Ngirumpatse, the president of the party, was presenting his defence case and called three witnesses, including a human right activist, François - Xavier Byuma, who alleged that there were no resources which could enable the government to control violence and killings escalated in Rwanda in 1994.
Byuma, former President of Turengere Abana, a human rights organization deals with promotion and protection of children rights in Rwanda, testified that authorities and soldiers were displaced the same manner as the population following series of gun fire, bomb shells and attacks.
According to him, although Karemera was the minister for Interior beginning May 25, 1994, it was not practically possible for him to control some parts of Rwanda, leave alone the whole country.
The witness said he fled the Kigali capital on May 15, 1994 for Gitarama, where the Interim government had already left after deterioration of the security, following senseless massacres which were going on.
After hearing of the witnesses, the Tribunal adjourned the trial to October 18. Since the start of his defence case on August 23, Ngirumpatse has so far called 15 out of 35 witnesses expected to testify in his favour. In his part, Karemera has already completed presenting his defence case.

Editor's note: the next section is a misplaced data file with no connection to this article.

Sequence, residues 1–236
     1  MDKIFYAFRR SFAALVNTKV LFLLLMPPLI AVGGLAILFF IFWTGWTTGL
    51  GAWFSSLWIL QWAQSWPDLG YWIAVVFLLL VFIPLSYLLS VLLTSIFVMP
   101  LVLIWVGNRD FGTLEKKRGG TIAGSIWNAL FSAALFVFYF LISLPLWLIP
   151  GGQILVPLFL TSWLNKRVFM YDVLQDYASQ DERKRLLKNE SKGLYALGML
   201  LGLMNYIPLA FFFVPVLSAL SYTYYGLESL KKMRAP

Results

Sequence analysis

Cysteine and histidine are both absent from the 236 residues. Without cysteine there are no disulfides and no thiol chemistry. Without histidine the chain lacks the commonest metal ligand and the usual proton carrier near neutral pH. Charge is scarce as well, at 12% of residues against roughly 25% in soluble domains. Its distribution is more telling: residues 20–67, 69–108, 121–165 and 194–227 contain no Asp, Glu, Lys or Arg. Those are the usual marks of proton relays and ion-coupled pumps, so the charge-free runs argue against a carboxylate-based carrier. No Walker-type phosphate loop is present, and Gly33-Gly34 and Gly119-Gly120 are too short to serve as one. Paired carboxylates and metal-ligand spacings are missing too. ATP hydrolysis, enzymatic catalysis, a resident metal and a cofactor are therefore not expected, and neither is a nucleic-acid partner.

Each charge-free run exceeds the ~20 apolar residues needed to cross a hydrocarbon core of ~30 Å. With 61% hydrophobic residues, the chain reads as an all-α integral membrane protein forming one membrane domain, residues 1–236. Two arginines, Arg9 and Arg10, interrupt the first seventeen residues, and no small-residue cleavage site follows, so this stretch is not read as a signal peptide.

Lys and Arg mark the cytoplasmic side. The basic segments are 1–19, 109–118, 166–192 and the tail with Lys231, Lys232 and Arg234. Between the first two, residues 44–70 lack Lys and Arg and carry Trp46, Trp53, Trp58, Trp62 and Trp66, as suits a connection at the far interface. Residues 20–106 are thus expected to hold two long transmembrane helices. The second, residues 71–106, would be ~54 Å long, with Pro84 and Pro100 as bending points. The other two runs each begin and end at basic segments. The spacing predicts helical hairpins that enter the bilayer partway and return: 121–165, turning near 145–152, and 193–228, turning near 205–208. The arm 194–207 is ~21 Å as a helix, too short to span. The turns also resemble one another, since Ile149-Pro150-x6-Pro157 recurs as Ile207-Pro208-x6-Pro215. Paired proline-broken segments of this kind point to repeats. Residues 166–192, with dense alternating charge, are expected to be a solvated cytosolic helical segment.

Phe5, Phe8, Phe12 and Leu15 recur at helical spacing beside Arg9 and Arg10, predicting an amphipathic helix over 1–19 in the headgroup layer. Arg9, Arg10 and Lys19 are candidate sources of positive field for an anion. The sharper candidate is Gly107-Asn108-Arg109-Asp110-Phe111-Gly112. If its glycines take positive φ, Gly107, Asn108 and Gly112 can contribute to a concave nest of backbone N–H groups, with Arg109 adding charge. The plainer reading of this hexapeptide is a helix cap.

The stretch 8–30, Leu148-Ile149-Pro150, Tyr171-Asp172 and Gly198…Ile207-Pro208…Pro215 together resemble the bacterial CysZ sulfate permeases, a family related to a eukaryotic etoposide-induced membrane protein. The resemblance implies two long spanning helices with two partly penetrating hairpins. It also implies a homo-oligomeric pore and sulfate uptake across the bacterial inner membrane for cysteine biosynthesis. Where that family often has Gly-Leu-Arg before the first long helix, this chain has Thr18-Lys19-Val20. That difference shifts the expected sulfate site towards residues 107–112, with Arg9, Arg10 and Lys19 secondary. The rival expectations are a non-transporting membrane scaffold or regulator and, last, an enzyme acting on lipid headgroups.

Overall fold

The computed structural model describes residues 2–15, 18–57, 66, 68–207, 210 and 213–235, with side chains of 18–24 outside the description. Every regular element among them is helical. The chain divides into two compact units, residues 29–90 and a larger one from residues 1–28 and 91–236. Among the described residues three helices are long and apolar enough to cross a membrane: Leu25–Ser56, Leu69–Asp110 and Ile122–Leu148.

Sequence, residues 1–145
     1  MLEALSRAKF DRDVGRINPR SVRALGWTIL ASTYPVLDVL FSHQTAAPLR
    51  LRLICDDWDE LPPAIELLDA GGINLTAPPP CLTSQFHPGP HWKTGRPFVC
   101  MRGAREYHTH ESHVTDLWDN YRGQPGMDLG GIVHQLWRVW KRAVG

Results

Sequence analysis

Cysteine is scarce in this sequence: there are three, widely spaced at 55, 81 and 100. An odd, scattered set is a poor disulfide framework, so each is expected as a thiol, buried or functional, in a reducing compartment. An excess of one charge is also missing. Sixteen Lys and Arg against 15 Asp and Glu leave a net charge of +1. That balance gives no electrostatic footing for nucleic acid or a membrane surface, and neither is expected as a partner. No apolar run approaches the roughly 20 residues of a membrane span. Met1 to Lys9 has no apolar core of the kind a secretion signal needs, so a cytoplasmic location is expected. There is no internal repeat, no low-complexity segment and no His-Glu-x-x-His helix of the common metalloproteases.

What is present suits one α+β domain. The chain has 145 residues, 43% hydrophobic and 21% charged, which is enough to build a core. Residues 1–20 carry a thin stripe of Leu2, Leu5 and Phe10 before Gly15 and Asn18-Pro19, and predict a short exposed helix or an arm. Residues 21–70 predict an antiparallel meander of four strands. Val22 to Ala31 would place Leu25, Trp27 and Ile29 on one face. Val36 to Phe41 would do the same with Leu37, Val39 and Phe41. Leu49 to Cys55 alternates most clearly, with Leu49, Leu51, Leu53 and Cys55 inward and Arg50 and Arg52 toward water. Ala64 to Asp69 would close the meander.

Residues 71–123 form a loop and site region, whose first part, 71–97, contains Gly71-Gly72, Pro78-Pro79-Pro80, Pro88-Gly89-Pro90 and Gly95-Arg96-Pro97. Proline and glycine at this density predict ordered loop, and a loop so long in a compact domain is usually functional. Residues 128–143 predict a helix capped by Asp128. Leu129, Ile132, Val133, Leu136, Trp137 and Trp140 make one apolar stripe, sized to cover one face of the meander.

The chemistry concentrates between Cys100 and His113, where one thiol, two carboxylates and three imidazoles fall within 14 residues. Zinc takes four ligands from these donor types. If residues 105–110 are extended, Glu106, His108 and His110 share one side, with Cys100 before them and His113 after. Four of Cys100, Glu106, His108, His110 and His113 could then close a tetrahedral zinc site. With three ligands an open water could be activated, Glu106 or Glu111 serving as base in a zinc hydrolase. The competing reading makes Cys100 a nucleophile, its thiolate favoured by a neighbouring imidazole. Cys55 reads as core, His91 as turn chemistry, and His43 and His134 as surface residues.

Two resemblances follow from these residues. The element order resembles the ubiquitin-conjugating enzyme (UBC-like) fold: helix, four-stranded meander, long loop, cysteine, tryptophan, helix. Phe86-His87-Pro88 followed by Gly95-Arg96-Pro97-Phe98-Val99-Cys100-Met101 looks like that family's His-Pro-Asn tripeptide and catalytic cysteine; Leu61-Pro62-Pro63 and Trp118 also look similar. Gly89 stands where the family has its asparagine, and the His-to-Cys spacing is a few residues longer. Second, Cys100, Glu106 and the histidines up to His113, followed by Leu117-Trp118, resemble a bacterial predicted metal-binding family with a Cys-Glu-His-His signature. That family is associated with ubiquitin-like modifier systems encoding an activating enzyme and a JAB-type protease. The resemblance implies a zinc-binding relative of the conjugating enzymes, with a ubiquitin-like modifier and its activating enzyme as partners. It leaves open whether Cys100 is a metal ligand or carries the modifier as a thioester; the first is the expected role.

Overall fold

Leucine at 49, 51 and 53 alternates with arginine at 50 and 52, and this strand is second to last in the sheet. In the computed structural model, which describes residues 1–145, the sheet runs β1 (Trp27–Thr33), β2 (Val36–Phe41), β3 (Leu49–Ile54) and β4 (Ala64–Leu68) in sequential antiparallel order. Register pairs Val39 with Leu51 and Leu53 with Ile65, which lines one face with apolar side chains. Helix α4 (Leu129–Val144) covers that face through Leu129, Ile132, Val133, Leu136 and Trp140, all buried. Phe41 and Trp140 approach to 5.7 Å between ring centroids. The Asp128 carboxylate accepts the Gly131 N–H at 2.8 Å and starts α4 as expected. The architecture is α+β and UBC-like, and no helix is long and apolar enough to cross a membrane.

Ngirumpatse and Karemera are charged with seven counts including genocide, complicity in genocide, incitement to commit genocide and crimes against humanity, allegedly committed mostly by members of their party, its youth wing, Interahamwe, in particular.
The prosecution has indicted them for their superior responsibility as top officials of the party.
© Hirondelle News Agency